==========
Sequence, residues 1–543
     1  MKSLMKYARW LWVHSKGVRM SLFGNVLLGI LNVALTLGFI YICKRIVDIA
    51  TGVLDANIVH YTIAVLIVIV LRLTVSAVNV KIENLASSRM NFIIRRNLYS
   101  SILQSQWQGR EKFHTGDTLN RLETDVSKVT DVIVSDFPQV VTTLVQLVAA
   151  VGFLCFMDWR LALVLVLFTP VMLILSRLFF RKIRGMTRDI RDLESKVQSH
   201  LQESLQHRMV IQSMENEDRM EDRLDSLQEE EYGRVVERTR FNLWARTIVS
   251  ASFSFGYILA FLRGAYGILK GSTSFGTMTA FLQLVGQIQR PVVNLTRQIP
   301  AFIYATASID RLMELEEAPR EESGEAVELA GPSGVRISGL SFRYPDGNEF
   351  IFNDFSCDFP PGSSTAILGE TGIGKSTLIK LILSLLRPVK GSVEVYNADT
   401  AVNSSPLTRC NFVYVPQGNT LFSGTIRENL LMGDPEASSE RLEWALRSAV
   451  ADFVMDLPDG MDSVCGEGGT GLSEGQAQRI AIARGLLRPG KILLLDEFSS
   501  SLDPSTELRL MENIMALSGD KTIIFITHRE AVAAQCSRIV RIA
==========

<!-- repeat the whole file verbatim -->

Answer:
Sequence, residues 1–543
     1  MKSLMKYARW LWVHSKGVRM SLFGNVLLGI LNVALTLGFI YICKRIVDIA
    51  TGVLDANIVH YTIAVLIVIV LRLTVSAVNV KIENLASSRM NFIIRRNLYS
   101  SILQSQWQGR EKFHTGDTLN RLETDVSKVT DVIVSDFPQV VTTLVQLVAA
   151  VGFLCFMDWR LALVLVLFTP VMLILSRLFF RKIRGMTRDI RDLESKVQSH
   201  LQESLQHRMV IQSMENEDRM EDRLDSLQEE EYGRVVERTR FNLWARTIVS
   251  ASFSFGYILA FLRGAYGILK GSTSFGTMTA FLQLVGQIQR PVVNLTRQIP
   301  AFIYATASID RLMELEEAPR EESGEAVELA GPSGVRISGL SFRYPDGNEF
   351  IFNDFSCDFP PGSSTAILGE TGIGKSTLIK LILSLLRPVK GSVEVYNADT
   401  AVNSSPLTRC NFVYVPQGNT LFSGTIRENL LMGDPEASSE RLEWALRSAV
   451  ADFVMDLPDG MDSVCGEGGT GLSEGQAQRI AIARGLLRPG KILLLDEFSS
   501  SLDPSTELRL MENIMALSGD KTIIFITHRE AVAAQCSRIV RIA